Inside Europe’s Largest Climate Tech Venture Fund

Juicy Marbles sells its filet mignon alternative for €30 (~CAD$40) per “steak.” Europe’s largest climate technology venture capital fund has invested in the company.

Climate science has spoken and she’s craving some plant-based filet mignon with a cocoa-free chocolate alternative for dessert.

These extreme niche products belong to the Global Fund’s portfolio of emissions reduction companies. The Berlin-based venture capital firm says it lets science determine which companies to back. The result was an eclectic mix of investments, which also include a wooden credit card and a manufacturing-focused business in the space.

Billing itself as Europe’s largest climate tech venture capital fund, World Fund was launched last October with the aim of raising 350 million euros ($472 million) to support startups capable of reducing emissions. . The companies it funds are primarily determined by what it calls the Climate Performance Potential (CPP), a score developed by a top mathematician from the University of California at Berkeley and the University of Bonn in Germany.

The Global Fund aims to save two gigatonnes of emissions by 2040, equivalent to 4% of all global emissions. Each company must prove to the fund’s partners that it is capable of eliminating 100 megatonnes of greenhouse gas emissions per year.

Co-founder and partner Danijel Visevic says this has filtered out up to 90% of the more than 1,600 applications received by the Global Fund since its launch, mostly from energy and battery-related startups. The fund issues initial investment checks for amounts between 1 and 10 million euros ($1.35 million – $13.5 million).

UK-based Space Forge focuses on orbital manufacturing technology.  (Space Forge via Instagram)

UK-based Space Forge focuses on orbital manufacturing technology. (Space Forge via Instagram)

The handful of companies in the portfolio may seem like an odd mix at first glance, but each serves a climate-friendly purpose. Munich-based QOA, maker of a 100% cocoa-free chocolate product, aims to slow the deforestation of West African rainforests by the chocolate industry by offering consumers a tasty alternative. Treecard is a Mastercard-backed debit card issued by Ohio-based Sutton Bank, made from sustainably sourced cherry wood and recycled plastic bottles. Eighty percent of the company’s profits go to planting trees and climate initiatives. UK-based Space Forge focuses on orbital manufacturing technology, which is basically the automated production of things like semiconductors in space.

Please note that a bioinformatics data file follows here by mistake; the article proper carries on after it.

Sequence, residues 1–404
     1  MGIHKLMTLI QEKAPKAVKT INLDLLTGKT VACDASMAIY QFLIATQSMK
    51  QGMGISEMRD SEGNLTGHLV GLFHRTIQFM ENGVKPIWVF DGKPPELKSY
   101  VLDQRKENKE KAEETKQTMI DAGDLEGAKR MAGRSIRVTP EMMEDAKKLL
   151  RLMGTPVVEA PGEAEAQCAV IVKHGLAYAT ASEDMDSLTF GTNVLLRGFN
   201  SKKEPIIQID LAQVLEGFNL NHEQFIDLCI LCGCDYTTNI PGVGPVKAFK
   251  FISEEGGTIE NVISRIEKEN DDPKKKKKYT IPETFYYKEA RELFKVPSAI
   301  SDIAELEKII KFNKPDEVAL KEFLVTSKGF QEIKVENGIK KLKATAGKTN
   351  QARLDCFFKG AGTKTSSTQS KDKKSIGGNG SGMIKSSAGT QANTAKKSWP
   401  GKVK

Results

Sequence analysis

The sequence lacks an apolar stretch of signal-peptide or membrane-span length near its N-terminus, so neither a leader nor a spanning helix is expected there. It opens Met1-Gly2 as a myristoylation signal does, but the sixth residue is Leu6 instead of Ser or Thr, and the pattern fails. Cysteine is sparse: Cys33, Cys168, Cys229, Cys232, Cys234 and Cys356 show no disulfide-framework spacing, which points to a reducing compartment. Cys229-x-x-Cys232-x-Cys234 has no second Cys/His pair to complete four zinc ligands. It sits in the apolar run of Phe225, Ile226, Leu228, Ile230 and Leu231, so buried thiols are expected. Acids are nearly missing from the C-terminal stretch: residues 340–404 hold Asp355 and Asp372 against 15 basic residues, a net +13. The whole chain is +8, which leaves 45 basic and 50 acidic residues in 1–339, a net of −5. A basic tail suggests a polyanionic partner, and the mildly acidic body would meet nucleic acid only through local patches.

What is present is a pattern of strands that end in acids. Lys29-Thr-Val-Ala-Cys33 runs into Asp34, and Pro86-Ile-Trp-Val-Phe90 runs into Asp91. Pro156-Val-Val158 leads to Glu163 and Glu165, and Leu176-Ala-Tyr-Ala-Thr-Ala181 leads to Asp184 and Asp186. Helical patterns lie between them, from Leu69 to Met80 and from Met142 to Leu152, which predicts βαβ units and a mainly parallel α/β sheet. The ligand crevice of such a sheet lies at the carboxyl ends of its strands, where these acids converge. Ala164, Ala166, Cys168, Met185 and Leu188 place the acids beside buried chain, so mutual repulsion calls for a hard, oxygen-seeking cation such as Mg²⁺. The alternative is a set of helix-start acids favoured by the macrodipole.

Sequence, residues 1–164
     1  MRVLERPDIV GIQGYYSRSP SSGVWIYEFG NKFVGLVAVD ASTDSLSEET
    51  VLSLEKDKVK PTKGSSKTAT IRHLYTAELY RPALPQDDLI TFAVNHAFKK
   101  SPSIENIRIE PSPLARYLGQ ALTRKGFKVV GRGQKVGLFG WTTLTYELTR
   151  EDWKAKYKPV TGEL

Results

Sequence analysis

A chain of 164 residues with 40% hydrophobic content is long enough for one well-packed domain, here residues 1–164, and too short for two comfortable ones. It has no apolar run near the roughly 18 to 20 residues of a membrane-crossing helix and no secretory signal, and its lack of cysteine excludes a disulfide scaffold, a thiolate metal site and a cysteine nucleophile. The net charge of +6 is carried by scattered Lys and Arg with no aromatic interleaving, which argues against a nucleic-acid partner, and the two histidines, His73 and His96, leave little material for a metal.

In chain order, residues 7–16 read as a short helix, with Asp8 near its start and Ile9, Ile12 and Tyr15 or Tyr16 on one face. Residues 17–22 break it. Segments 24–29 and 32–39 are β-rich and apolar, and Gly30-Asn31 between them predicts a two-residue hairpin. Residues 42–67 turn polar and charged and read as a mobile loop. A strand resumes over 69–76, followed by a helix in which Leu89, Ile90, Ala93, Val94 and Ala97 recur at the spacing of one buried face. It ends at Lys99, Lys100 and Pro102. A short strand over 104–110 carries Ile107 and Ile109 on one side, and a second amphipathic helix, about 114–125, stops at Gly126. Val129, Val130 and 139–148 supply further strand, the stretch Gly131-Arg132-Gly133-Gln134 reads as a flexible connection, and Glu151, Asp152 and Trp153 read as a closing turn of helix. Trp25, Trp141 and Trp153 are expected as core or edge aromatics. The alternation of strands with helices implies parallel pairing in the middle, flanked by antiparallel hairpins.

“When I first saw it, I thought it was crazy,” Visevic said Yahoo Finance Canada on the sidelines of the Collision Technology Conference in Toronto. He figured the fuel and emissions needed to launch satellites couldn’t be climate friendly. However, chip makers use a lot of energy to create space conditions on earth to build high-quality, energy-efficient semiconductors.

The Global Fund’s climate science-based investment approach is a much narrower version of environmental, social and corporate governance (ESG) scores, which have come under fire since the height of ESG’s popularity. in 2020. Visevic says many investors often confuse ESG with impact investing.

“Some oil and gas companies have high ESG ratings because they have high standards in their industry, strict regulations, and they can treat their staff well and use renewable energy for some of their operations,” a- he declared. “But their impact is a disaster.”

Last month, the Global Fund received a major endorsement from PwC Germany. The German arm of the global auditing and consulting giant has invested an undisclosed sum in the fund as a new “anchor” sponsor. Other partners include Trivago co-founder Rolf Schrömgens and German soccer star Mario Götze.

With the Global Fund halfway to its €350 million funding goal, Visevic says audit expert PwC’s vote of confidence will help attract more big investors. This level of due diligence, he says, could be critical, as looming recession fears threaten the appeal of riskier investments at an early stage.

“We are a first-time fund and we need institutional investors,” Visevic said. “We see this recession [risk] and inflation of course. But our impression so far is that the climate crisis is ever stronger in terms of helping investors decide whether or not to invest in climate technology.”

Jeff Lagerquist is a senior reporter at Yahoo Finance Canada. Follow him on Twitter @jefflagerquist.

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Mary I. Bruner